These masks are used to create the copper pathways, the dielectric and even the solder mask. Once the printed circuit board is ‘structurally’ complete it becomes time for more printing.

Any text or legends are silk-screened onto the printed board. This is done by using the biggest inkjet printer that you ever saw.

Best Practice

When designing circuit boards, manufacturers tend to stick to a few basic rules to make the entire production process as simple for everyone as is possible. These rules are not rules at all, really, more best practice guidelines. A selection are shown here for reference:

The Grid

Grid spacing is very important and designers need to find one that is going to fit the majority, if not all, of the components. A lot of devices are available in different sizes, so designers take advantage advantage of that.


For maximum efficiency, like for like should be grouped together. If discrete components are needed for a particular device then place them close by to it. This way the bypass capacitors and resistors are there too.This will keep track lengths short and helps with fault finding.

Modest Silkscreening

The printed silkscreens are supposed to convey information and pertinent details to the board builder, service engineers, test engineers, installers and the end user. Too much detail or superfluous text is confusing and cause a lot of problems further down the line. That said, things should not be left out either. Component orientation is not always obvious or clear cut.

These kinds of details are important and should not be overlooked, even if wording ends up underneath components after everything has been assembled. Proper screening, on both sides of the board, can actually reduce build times.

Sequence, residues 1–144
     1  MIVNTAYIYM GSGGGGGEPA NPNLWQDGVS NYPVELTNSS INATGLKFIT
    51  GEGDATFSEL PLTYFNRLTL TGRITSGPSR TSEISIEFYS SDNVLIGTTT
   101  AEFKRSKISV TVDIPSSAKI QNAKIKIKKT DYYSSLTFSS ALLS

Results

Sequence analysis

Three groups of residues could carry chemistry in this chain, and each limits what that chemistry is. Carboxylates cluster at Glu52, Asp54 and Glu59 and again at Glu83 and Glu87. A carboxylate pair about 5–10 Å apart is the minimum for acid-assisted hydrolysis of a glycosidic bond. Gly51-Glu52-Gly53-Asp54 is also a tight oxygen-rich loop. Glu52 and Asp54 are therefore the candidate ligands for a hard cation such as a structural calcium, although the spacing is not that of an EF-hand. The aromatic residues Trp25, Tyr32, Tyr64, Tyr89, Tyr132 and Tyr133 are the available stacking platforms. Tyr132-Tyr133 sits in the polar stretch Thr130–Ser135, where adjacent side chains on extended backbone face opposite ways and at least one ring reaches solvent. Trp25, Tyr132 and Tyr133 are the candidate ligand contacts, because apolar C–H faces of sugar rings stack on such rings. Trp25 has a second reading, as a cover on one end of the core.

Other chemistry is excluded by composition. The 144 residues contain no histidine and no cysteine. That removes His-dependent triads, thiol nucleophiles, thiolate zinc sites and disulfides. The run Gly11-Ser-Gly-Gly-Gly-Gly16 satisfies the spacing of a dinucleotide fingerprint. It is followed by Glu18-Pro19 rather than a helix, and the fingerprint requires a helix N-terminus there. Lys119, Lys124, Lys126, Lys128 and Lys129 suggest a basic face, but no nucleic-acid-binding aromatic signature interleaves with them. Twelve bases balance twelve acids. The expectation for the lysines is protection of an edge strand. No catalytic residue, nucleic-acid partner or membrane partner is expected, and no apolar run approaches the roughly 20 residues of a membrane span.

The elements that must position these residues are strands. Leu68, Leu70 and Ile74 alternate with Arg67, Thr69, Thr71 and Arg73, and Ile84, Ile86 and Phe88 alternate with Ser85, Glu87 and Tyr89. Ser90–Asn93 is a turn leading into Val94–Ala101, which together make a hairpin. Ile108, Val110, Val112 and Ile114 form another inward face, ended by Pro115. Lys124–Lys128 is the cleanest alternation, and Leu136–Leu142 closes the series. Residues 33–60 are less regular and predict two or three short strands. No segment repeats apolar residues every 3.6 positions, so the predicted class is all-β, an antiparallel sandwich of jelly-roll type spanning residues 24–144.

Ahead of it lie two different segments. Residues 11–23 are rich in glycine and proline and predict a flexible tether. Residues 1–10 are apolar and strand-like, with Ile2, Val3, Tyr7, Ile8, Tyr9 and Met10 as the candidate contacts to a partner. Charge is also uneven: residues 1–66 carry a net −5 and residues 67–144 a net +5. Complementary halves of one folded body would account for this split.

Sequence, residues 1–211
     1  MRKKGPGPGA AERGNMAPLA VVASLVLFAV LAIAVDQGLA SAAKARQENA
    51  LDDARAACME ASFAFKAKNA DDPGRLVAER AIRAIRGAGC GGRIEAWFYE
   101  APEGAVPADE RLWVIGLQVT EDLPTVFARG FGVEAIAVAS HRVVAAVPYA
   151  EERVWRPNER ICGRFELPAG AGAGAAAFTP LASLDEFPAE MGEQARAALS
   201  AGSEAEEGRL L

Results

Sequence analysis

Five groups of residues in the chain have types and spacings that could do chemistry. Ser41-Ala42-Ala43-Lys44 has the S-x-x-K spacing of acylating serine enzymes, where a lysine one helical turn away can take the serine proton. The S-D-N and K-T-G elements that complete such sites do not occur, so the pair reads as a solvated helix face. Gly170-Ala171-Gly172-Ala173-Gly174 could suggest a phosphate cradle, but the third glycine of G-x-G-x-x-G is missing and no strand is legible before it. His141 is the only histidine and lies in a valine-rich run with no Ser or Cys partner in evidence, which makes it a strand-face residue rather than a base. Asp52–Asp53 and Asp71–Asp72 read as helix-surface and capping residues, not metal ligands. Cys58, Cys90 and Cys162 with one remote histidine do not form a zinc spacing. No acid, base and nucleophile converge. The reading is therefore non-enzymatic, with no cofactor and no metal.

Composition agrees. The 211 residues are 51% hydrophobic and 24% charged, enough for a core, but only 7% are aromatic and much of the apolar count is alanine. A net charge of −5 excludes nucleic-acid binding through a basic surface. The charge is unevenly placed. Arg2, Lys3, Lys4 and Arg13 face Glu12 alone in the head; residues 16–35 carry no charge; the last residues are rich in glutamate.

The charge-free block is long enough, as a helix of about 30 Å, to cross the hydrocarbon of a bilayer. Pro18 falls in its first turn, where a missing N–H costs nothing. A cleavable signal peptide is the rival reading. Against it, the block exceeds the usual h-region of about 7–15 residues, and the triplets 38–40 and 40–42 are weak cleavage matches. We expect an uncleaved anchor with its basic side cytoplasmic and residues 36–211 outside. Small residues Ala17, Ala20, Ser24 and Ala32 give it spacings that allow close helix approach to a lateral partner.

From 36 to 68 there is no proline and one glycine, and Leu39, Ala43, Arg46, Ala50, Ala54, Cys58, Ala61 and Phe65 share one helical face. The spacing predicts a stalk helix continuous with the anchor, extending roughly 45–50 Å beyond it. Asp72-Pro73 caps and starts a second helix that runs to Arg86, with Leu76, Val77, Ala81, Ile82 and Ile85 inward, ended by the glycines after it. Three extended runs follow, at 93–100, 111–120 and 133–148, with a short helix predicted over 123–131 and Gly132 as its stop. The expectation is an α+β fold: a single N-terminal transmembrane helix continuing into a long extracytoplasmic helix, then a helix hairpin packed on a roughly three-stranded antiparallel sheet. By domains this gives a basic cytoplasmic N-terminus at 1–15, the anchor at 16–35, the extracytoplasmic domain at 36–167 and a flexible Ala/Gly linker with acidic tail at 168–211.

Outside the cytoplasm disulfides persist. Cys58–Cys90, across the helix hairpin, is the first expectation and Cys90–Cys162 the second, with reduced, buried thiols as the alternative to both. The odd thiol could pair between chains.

Printed circuit board designs are becoming widely shared, and increasingly so. Reference designs are also being relied upon more by in-house design teams as well as hobbyists.

It is important then that that basic, best practice rules remain in printed circuit design, and are continued by everyone in the PCB manufacturing industry. Keeping these basics firmly in mind means that PCB developers are able to retain flexibility. This means they can continue to add value to their products and get the most out of every single board that they make.

Looking to the future of the printed circuit board

PCBs of the future, if a certain university in Texas has it’s way, will be 3D printed. In fact, they won’t be PCBs anymore. The printed circuit structure is still in development but it is most definitely coming.

However long it takes for that to happen, the ‘traditional’ printed circuit board isn’t going anywhere. They can be found in every aspect of our lives and to move away from them would be living in a tent , in the middle of a field.

The simple fact is, if it uses electricity in any way then it almost certainly has a printed circuit board buried away inside it somewhere.

Know that you know the kind of thought and effort that goes into making a PCB, spare the designer a thought before throwing the TV remote while watching the big game.